Six women have sued U.S.A. Swimming, saying the national governing body for the sport failed to protect them through coaches who were sexual predators when they were preteens along with teenagers decades ago, according to multiple civil lawsuits filed in two California courts.
The lawsuits, filed by women today in their 40s along with 50s, claim of which the organization enabled those coaches to sexually assault girls along with young women for years. The women’s former swimming clubs along with swimming associations, as well as two of their former coaches, also were named as defendants within the lawsuits.
“My sexual abuse was 100 percent preventable,” said Debra Grodensky, 51, a plaintiff in one of the three cases filed in state courts in Orange County along with Alameda County with the help of the attorneys Robert Allard along with Mark J. Boskovich. She said she was abused within the 1980s by her former coach, Andrew King. He will be serving a prison sentence of 40 years for child molestation.
Grodensky along with three different plaintiffs in her lawsuit sued U.S.A. Swimming under a recent California law of which opened a three-year window in which people can file sex-abuse claims of which had expired under the statute of limitations.
Two different women, Tracy Palmero, 46, along with Suzette Moran, 53, each filed a separate case against U.S.A. Swimming along with different coaches.
Palmero, who claimed of which her former coach, Everett Uchiyama, abused her beginning when she was 16, said Wednesday during a news conference with several different plaintiffs of which filing her lawsuit gives her “an avenue for closure” of which wasn’t possible before the fresh law.
Also named in a suit was Mitch Ivey, a former U.S. Olympic along with national team coach. Ivey, Uchiyama along with King have been barred for life through Olympic sports by both U.S.A. Swimming along with the U.S. Center for SafeSport, an independent body of which tracks abuse in Olympic sports along with maintains a database of people who have been barred.
Uchiyama along with Ivey did not respond to messages seeking comment.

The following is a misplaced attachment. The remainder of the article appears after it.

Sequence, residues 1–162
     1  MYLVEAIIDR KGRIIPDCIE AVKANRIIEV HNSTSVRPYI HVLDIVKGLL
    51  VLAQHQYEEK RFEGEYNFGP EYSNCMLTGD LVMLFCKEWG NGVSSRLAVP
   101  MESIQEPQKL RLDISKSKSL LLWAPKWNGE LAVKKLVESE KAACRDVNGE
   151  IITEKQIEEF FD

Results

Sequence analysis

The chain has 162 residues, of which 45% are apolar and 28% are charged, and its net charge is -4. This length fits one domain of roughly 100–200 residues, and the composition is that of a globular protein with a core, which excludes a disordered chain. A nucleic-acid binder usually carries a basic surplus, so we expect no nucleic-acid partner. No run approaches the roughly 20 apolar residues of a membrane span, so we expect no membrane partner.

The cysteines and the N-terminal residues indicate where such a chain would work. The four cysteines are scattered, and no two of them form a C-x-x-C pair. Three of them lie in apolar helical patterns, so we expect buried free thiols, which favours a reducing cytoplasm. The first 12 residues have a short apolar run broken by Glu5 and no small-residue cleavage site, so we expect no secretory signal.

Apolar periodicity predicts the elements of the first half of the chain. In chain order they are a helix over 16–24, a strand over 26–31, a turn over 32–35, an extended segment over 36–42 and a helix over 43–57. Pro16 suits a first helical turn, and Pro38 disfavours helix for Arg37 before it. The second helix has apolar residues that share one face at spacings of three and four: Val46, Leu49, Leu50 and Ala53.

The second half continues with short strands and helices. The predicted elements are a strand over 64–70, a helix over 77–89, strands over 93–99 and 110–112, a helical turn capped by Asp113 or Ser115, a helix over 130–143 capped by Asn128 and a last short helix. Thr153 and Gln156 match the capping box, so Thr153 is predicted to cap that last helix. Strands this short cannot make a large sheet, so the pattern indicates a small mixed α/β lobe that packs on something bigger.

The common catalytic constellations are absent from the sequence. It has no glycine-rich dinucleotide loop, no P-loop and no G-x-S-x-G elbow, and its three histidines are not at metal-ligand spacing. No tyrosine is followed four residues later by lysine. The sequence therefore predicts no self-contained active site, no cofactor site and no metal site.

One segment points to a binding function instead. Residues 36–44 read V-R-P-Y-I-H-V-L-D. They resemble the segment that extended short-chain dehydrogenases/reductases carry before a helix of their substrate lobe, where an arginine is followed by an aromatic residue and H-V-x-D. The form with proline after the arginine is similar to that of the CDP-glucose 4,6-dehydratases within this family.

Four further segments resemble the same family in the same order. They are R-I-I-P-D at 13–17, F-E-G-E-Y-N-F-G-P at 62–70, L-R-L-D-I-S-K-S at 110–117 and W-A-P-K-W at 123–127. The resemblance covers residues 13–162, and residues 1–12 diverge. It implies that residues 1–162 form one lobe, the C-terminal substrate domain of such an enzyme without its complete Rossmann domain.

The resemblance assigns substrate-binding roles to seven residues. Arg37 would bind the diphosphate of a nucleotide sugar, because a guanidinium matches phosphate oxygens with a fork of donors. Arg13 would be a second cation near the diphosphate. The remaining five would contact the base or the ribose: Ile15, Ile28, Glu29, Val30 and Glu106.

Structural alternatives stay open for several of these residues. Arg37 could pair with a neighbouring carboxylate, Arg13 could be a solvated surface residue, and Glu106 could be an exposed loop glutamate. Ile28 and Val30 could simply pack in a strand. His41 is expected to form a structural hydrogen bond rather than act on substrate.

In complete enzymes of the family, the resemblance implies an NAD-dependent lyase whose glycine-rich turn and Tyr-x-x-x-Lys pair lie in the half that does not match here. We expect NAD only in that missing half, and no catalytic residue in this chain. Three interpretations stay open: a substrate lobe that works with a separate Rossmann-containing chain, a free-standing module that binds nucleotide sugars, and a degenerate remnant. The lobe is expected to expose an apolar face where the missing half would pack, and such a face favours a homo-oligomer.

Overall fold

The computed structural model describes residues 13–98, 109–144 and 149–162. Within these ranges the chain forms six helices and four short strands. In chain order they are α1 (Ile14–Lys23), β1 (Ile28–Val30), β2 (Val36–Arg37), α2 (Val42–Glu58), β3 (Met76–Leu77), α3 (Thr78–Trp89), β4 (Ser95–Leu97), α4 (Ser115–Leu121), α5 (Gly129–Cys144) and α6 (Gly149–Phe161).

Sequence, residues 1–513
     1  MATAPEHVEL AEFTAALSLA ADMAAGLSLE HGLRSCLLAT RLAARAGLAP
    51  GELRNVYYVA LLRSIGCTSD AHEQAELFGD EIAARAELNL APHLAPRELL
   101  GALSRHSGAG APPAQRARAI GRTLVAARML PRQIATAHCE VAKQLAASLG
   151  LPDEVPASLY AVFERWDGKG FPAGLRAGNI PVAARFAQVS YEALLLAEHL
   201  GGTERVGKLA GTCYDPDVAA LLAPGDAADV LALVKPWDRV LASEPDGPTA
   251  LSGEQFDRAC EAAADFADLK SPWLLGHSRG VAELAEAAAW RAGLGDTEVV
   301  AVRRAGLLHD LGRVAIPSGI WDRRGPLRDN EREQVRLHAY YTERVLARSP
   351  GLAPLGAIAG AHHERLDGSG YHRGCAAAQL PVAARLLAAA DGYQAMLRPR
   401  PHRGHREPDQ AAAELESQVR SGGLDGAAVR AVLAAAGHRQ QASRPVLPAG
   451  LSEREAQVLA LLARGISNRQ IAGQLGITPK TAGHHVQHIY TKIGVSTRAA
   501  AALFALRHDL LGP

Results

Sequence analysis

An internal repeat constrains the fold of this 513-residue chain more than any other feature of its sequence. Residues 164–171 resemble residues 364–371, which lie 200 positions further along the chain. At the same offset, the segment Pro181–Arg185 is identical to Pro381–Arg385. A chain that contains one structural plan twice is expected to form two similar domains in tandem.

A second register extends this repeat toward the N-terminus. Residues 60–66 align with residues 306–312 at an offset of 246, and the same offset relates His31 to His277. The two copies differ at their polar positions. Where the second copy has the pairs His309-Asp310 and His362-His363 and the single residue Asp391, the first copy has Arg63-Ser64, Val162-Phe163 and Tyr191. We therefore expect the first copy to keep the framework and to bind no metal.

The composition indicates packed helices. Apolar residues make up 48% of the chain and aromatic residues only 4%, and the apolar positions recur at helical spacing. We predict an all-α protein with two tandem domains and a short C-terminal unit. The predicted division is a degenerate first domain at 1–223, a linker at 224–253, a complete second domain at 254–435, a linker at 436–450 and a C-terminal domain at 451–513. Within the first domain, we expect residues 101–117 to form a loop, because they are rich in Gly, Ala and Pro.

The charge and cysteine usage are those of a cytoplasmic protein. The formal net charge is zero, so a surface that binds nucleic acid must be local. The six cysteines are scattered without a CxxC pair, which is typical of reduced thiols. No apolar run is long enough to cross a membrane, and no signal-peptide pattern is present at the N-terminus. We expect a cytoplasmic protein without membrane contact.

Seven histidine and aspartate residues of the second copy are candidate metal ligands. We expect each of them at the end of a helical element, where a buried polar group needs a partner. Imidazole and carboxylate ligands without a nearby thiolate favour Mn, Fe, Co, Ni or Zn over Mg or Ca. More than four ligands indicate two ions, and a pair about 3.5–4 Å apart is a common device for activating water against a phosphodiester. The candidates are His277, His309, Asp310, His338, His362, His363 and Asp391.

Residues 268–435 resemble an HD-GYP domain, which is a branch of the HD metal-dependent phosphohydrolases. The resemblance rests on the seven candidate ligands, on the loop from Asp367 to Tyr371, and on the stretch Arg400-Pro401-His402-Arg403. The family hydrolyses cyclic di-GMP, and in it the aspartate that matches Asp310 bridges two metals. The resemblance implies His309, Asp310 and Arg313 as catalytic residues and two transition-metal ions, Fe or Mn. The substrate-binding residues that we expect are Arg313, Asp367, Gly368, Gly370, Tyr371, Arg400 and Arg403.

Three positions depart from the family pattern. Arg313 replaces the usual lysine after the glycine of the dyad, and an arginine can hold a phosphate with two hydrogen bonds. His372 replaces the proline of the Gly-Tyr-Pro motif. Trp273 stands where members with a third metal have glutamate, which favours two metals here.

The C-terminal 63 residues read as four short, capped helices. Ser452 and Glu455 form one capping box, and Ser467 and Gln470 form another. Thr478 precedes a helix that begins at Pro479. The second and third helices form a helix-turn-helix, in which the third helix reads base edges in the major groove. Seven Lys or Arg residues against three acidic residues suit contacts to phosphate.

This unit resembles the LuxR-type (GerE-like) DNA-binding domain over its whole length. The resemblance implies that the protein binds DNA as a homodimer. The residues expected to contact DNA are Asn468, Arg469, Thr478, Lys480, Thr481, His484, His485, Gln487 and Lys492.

The lawsuits represent the latest blow to a sport of which, like gymnastics, has for decades struggled with abusive coaches who take advantage of young along with vulnerable athletes.
Federal prosecutors are investigating whether U.S.A. Swimming tried to hide sex abuse claims within its sport. Among those at the center of those investigations will be Chuck Wielgus, the longtime executive director of the federation who died of cancer in 2017 along with who was criticized for his mismanagement of abuse claims. although the plaintiffs within the cases filed last week assert there was a cover-up of which went beyond Wielgus.
“Chuck Wielgus was the poster boy bad guy within This particular organization,” said Allard, one of the lawyers. He added: “although he did not act alone. Not even close.”
A statement through U.S.A. Swimming on Wednesday said the organization was aware of the lawsuits along with of which its leadership remains “committed to providing a safe environment along having a positive culture for all its members.”
“We fully support survivors of sexual abuse along their healing journey,” the statement said, noting the idea had barred the three coaches named within the lawsuits long ago.
Grodensky said she filed a lawsuit to force the current leadership of U.S.A. Swimming to make the sport safer.
Grodensky said she expected drastic improvements to the organization’s leadership to happen years ago — at least in 2010 after King was sentenced to prison. although even then, the federation did not undergo major improvements. She said King began abusing her when she was 12, along with first had sexual intercourse with her at 15.
today, lawsuits in hand, Grodensky along with the different women are demanding of which the federation take substantial action to protect young athletes.
“I want cultural change along with mandated education within This particular great sport, doing sure of which child swimmers can thrive without abuse,” Grodensky said.